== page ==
The Fight for Worker’s Rights Amid Israeli-Palestinian Escalations

Misha Linnehan
on June 4, 2021

J Street’s “Our Israel” shines a spotlight on the progressive Israeli groups working to advance equality, freedom, justice and peace.

In May of 2021, as the violence between Israel and Hamas escalated, the disparity in the impact of the crisis on wealthy people in Israel, as compared with the disadvantaged, became painfully clear.

Of the 13 people killed in Israel during that month’s escalation conflict, three were migrant workers, two were residents of an unrecognized Bedouin village without shelters, and one was a poverty-stricken cancer patient. “The stories of half the people killed in Israel during the recent flare-up reveal yet again that the weakest are not protected by the system,” wrote Bar Peleg in Haaretz

For Adi Maoz, the Executive Director of Kav LaOved, an Israeli workers’ rights organization, the escalation was especially distressing.  Following casualties in previous conflicts, the organization has been pressing for years for more action to be taken against employers who fail to provide proper protection at times of escalation. “It’s tremendously sad when these workers die as a result of a conflict,” Maoz tells J Street. “They may not even have been aware of the context of the violence.”

Iron Dome Gaza

Migrants from Asia who have come to Israel for work are spread throughout the nation’s agricultural and caregiving sectors, often making less than minimum wage and living in unsafe environments. Many don’t speak English or Hebrew, and may not even be aware when violence is at risk of escalating or know when they need to get to shelter. 

Kav LaOved has frequently had translators assist migrant workers in the past, and during the conflict have turned those efforts towards trying to save their lives. “Our goal is to keep them informed in their mother tongue about what is happening so they can be careful,” Maoz says. “Our translators have also been called by hospitals where the injured are being treated.”

Demand for Kav LaOved's assistance is as high as ever, but the queues no longer stretch across the hallways -- the offices lie empty.

As violence escalated, Palestinian citizens of Israel went on strike. The strike was a continuation of protests over the eviction of a number of Palestinian families from their homes in the Sheikh Jarrah neighborhood of East Jerusalem, but with an expanded aim of also bringing an end to the oppression that Palestinians in Israel face in their daily lives.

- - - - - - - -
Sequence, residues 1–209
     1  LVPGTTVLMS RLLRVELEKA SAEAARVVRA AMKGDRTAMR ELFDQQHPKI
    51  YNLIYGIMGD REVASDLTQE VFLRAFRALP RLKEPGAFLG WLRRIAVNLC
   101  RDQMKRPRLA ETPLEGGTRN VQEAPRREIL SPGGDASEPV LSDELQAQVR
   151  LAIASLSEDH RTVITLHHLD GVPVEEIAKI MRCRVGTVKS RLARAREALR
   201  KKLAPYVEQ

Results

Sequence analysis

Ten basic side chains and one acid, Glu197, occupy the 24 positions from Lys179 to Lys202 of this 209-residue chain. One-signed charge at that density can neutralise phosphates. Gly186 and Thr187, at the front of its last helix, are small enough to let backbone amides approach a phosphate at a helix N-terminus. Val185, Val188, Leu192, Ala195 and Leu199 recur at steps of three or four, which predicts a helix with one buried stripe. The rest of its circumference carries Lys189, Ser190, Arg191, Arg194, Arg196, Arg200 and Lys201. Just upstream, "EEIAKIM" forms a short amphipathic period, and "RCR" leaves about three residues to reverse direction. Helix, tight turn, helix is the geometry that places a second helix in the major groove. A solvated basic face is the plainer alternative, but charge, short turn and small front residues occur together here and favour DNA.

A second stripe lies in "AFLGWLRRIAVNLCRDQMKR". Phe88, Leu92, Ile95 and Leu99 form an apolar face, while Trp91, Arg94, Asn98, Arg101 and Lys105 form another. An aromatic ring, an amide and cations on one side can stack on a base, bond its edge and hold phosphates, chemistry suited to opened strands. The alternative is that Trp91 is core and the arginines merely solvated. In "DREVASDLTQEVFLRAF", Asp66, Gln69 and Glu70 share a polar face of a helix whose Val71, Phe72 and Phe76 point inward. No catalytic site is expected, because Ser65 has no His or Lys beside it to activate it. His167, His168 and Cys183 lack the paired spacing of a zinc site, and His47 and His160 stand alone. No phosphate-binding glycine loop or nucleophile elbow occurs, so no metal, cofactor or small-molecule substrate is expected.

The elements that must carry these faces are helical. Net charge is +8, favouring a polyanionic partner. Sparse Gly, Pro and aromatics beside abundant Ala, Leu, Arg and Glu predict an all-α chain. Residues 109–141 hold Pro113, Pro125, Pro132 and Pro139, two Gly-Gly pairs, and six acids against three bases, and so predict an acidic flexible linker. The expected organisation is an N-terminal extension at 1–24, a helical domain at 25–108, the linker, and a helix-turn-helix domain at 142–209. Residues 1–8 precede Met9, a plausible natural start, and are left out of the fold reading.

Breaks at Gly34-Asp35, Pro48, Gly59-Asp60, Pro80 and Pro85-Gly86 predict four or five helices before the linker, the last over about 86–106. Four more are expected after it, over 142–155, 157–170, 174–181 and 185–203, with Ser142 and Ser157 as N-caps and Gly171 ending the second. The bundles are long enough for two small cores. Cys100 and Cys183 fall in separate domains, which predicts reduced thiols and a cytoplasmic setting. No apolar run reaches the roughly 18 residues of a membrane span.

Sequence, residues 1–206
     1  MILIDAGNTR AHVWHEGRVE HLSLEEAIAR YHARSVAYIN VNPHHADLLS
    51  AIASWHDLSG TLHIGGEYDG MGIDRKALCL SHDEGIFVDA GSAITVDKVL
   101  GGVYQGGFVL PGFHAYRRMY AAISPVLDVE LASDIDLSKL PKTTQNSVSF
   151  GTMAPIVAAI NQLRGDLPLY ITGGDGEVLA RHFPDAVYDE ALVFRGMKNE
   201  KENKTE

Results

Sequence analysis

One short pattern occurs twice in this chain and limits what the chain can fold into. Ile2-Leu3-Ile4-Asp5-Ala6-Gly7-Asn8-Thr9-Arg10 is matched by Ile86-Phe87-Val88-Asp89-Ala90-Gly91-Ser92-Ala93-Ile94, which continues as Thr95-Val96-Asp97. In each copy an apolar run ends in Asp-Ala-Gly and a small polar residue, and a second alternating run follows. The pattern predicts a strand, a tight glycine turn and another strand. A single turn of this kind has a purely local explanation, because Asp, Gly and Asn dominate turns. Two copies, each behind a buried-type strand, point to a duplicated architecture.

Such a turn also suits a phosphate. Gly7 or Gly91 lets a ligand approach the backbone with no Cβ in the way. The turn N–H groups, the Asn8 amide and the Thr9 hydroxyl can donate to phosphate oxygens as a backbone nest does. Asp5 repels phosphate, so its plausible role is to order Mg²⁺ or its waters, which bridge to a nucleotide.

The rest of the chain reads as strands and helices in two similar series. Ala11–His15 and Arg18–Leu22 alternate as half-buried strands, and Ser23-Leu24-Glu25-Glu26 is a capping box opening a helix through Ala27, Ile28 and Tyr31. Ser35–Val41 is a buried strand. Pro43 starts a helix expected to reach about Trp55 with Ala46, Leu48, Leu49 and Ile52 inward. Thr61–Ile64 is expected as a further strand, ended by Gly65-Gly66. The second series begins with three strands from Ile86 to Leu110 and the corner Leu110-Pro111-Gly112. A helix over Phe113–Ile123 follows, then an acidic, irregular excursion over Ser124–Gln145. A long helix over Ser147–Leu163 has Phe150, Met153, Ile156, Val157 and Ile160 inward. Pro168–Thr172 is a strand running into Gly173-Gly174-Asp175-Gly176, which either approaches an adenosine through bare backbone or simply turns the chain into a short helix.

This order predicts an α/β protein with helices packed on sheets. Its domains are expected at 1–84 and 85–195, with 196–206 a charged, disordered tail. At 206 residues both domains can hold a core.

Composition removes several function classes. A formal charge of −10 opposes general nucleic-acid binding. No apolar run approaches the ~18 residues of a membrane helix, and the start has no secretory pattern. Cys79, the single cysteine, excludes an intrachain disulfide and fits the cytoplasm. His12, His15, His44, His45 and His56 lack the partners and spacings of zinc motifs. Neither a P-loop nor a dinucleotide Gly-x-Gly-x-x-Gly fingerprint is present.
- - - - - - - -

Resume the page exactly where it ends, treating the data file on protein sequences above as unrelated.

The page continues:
Israeli employers saw many of their Palestinian employees join the strike. Many others still went to work but voiced solidarity with the strikers on their personal social media pages. When these Palestinians returned to work after the strike had ended, they found that they had been summoned to hearings, where they were threatened with being fired or other repercussions because they had participated in or supported the strike.

“This is political persecution of Palestinians, plain and simple,” Maoz says. “Not only are there no legal grounds to fire these people who didn’t come to work because they went on a strike, but it’s also morally repugnant.” For many, including those who work at Israeli government agencies, the harassment they’ve faced as the result of this strike is just another difficulty added to the minefield that is being a worker from a vulnerable community in Israel.

Maoz and her coworkers at Kav LaOved worked overtime for a month as the most vulnerable workers in Israel face the brunt of the crisis. However, they’re experienced enough to know that most of the plights these workers wouldn’t disappear even as the bombings and rocket fire had stopped. “We’re trying to do everything we can to fight violations of worker’s rights, and this was a very intense period,” she says.

For Kav LaOved, the fight for worker’s rights and economic equality is an important part of addressing the broader issues between Israelis and Palestinians. “I don’t think you can understand the conflict today without understanding the economic injustices,” said Maoz. “Whenever you think of any kind of resolution to the conflict, you have to consider the 100,000 Palestinian workers who work in Israel. These two economies are intertwined. Palestinians are dependent on Israel for work, and Israelis are dependent on Palestinian labor.”

Over and over, Kav LaOved has seen that this mutual interdependence does not benefit both sides equally. While Israeli businesses profit immensely from the cheap labor provided by Palestinians, Palestinians face low wages, frequent harassment and often have difficulty even getting to work because of the strictness of the occupation. “There is so much money made off the back of Palestinian workers today, and there is very little attention paid to the exploitation that they face,” said Maoz. “Our organization is trying to stand up for those people.”

Kav LaOved is actively looking for translators, and union organizers who can share best practices even from abroad. If you wish to help or in any way, visit their website here.

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